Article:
This year, one of the area’s most recognizable food purveyors celebrated 40 years in business. Peg Rasmussen of Peg’s Countryside Café has been putting out delicious short-order diner dishes in the small café on Highway 55 since 1975, but perhaps fewer customers are familiar with the initiative that’s been taking off from a small kitchen a block east of the café the past quarter of those years: Countryside Catering.
That’s right, Rasmussen has been orchestrating a small staff led by executive chef Casey Spanier to bring local catering right to the doors of the Plymouth-area masses.
For someone who jumped into the business with no previous restaurant experience, teaching herself how to cook while earning a business degree and developing a national reputation for her business savvy and community involvement in the process, the leap isn’t surprising—but it is a leap. “At the café, people are willing to take a chance on a breakfast or lunch, but they want to know exactly what they’re getting for their guests at a party,” Rasmussen says. Still, she jumped in with both feet, and it wasn’t until 2007—after already filling catering requests from the restaurant for a handful of years—that she made the choice to “make a run at it,” acquiring a building recently vacated by a closing Chinese restaurant just down the road.
Today, Countryside Catering supports business events, cocktail parties, intimate dinners, meetings, holiday gatherings, funerals and weddings across the Twin Cities. (Most recently, Rasmussen notes, the company has been added to the exclusive list of approved caterers for the Three Rivers Park District, a huge “get” in terms of potential business at the park system’s 17 venues.) This can be anything from boxed lunches to white-tablecloth executive meals, all made under the careful eye of Spanier, all fresh to order. “This team could do any event in a way we’d be proud to do it in,” Rasmussen says.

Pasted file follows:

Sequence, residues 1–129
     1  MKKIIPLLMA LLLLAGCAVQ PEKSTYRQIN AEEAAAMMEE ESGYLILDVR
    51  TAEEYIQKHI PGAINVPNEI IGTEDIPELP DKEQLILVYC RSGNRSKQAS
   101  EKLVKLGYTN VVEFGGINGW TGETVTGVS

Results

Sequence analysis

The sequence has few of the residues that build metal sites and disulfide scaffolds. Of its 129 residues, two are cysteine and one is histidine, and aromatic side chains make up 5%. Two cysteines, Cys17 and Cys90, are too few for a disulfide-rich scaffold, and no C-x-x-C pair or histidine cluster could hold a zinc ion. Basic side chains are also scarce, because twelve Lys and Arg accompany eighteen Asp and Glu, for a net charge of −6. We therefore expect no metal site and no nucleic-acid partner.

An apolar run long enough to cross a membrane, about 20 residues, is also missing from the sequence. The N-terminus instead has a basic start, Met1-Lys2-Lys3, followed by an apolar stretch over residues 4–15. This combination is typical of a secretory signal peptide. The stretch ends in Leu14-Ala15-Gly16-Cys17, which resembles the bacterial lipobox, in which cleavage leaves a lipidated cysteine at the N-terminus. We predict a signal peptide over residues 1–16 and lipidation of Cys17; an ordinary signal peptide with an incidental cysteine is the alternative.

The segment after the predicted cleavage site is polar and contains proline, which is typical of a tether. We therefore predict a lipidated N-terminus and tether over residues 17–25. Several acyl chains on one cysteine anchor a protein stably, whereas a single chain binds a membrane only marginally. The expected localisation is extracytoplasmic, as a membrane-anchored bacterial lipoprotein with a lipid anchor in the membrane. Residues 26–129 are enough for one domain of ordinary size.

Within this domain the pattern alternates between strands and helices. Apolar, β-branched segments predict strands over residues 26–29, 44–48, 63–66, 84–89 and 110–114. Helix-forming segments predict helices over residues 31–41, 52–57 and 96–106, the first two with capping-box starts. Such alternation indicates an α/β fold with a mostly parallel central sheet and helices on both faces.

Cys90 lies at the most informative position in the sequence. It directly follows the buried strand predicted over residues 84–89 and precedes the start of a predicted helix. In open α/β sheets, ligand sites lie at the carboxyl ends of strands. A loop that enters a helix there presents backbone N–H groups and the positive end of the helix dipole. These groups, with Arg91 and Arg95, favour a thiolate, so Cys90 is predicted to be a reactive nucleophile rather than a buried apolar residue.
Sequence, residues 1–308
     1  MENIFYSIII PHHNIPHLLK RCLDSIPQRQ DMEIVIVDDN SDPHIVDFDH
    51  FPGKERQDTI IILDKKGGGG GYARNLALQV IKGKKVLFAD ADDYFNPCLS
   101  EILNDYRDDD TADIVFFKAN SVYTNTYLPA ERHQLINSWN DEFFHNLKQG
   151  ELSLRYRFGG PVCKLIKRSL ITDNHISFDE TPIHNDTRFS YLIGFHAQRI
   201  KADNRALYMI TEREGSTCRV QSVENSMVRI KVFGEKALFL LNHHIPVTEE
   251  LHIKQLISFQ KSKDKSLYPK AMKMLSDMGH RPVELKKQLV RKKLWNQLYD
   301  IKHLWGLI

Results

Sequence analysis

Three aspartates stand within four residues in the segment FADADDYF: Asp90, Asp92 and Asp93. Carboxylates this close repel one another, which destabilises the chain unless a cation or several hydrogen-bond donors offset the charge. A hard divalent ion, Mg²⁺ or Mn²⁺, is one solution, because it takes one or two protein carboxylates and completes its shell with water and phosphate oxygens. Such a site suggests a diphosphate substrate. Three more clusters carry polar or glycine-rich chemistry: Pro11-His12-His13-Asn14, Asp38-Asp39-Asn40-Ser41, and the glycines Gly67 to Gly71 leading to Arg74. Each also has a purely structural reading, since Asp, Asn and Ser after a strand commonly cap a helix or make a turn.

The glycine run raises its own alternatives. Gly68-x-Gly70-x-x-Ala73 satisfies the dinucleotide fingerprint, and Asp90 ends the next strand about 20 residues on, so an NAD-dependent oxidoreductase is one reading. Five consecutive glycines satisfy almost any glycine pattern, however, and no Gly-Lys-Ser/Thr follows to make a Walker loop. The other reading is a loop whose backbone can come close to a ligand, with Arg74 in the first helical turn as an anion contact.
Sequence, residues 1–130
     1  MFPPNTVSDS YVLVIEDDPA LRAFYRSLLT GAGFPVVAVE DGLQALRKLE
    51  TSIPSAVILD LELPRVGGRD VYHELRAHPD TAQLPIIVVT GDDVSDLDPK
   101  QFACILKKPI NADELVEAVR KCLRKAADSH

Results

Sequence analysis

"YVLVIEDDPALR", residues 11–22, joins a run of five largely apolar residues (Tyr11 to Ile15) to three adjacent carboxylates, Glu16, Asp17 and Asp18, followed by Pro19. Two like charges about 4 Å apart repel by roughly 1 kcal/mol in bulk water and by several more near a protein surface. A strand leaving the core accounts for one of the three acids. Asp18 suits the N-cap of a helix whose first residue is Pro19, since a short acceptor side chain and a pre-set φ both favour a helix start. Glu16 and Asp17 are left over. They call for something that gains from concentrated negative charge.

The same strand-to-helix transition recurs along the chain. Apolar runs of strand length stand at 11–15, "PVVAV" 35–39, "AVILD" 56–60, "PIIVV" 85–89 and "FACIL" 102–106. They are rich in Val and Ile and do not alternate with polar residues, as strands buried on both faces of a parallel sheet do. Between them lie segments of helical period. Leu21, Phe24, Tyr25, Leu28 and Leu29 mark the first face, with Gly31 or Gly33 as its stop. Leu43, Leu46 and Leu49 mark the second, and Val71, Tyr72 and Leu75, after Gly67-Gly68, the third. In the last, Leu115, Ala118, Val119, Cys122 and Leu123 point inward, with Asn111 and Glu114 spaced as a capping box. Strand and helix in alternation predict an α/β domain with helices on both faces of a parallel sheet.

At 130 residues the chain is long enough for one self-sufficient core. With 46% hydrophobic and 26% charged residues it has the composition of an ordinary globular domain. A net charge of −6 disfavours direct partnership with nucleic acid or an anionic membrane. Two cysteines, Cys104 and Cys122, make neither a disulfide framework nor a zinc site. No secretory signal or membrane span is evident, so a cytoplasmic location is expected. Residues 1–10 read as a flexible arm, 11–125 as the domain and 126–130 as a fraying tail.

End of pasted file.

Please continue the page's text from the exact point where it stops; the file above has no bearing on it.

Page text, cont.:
A lot of that is customer education, Spanier says. Things to consider include how long the party will be, the number of people, the time of day, will food be passed or plattered, guests upstairs or downstairs (or both). “Think about storage, think about location—we ask these questions to get a sense of the general flow of traffic,” Rasmussen says. “The feedback we hear the most—that’s our real measure of success—is ‘it was so easy.’ Customers don’t know about the planning ahead for the things that could go wrong—and they shouldn’t. It’s our job to respond to challenges so that everything appears to go seamlessly.”
Success can also be measured in growth. Countryside is doing six times the business the catering company was doing eight years ago, and it’s looking like even more business in 2016. (Insider’s tip: May, June and July were busy months this past year, so book those grad parties early!)